What I didn’t realize then was that communism in Russia, misunderstood and caricatured by interpreters such as Volkoff and comedian Yakov Smirnoff, was on the way out, and so were these pop culture figures who made a living by lampooning it. In Volkoff’s case, that was fine: He had a very long career under his ample belt by the time I first laid eyes on him, and so a pro-American face turn (and resulting descent to lower-midcard status) were understandable as the aging Soviet menace wound down his second act. I recall this iteration of Volkoff as looking tired around the eyes and somewhat softer around the middle, a friendly and approachable pro-American hero whose true love of his adopted homeland shone through in otherwise-boring fait accompli feuds against the likes of ex-partner Boris Zhukov. His last major story line in the WWE saw him, like his fictional homeland, overcome by capitalism, with “Million Dollar Man” Ted DiBiase buying his services and forcing him to place a “¢” on his red trunks where the Russian sickle had once been.
From there, Volkoff segued into local politics, while making sporadic appearances on WWE television. I remember following him on MySpace when he ran unsuccessfully for a seat in the Maryland General Assembly. Like so many red-baiters and red-haters of Reagan-era vintage, Volkoff was a die-hard Republican, the sort of “better dead than red” figure who probably thought that diplomat George Kennan’s famous “long telegram” about Soviet designs on world domination was a gross understatement. I would periodically catch sight of Volkoff during his declining years, as most wrestling fans did, and I was struck by how frail he appeared relative to the bear-hugging behemoth of my youth. But by all accounts, Volkoff was a nice man who took his various health problems in stride, dedicating his remaining time to family, friends, and the next generation of wrestlers.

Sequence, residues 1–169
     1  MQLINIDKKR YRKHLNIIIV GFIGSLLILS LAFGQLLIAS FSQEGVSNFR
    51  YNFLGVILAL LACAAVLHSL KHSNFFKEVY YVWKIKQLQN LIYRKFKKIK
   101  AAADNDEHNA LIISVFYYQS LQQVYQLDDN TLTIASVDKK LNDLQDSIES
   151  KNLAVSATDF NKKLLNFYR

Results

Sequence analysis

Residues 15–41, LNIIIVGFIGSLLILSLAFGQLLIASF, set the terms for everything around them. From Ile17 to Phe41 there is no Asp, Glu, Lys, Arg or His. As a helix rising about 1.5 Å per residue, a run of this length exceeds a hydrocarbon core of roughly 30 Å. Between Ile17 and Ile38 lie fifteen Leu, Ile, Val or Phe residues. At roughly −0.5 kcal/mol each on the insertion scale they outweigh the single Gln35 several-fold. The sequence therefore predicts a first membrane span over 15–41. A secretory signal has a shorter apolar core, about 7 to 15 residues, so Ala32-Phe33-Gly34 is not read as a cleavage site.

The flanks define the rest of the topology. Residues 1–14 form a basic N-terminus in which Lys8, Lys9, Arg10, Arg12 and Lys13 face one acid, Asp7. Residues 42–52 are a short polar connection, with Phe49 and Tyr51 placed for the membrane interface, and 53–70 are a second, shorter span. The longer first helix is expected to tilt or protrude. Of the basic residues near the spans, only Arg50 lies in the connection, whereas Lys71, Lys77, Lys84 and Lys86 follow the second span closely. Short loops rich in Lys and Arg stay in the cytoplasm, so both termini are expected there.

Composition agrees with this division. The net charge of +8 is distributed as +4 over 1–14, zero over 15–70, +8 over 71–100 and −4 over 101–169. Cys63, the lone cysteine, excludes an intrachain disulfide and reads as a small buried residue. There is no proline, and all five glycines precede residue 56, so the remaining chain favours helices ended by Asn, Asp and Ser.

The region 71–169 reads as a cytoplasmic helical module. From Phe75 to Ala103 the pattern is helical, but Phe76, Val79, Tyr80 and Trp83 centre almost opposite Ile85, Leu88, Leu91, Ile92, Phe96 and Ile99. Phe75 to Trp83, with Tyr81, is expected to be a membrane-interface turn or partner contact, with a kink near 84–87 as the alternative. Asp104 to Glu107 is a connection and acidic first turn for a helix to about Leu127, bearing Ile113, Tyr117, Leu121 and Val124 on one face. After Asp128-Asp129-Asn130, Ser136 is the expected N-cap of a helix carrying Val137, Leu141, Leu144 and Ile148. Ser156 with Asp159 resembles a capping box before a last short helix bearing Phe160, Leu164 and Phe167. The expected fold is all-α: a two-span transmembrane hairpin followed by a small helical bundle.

The one area where ex-Soviet menace Volkoff no longer perceived any looming threat was Russia. A devoted supporter of President Donald Trump, Volkoff was critical of attempts to depict his victory as the result of Russian election interference. “I think the American people elected Trump. Nobody else,” he told the Washingtonian in 2016. “Because people get sick and tired of politicians making promised [sic] that they don’t keep.” Even though Vladimir Putin’s likeness has been utilized by subsequent WWE heels such as Rusev and manager Lana, Volkoff didn’t see that leader or the country as a credible threat. “When Russia was in power, I did everything I could to make them look bad,” he said in a 2007 interview. “Then one day, Russia was gone, and I said, ‘my job is done.’”
While it was easy in recent years to imagine him in current story lines, perhaps it’s fitting that Volkoff died with Russia again on the upswing in the national consciousness. His brand of comic jingoism is, like so much else in the wrestling world, now indistinguishable from the real thing. Russia may not be gone, but Volkoff did his job, and it would be hard to argue that any Russian menace did it better.
Oliver Lee Bateman is a journalist and sports historian who lives in Pittsburgh. You can follow him on Twitter @MoustacheClubUS and read more of his work at www.oliverbateman.com.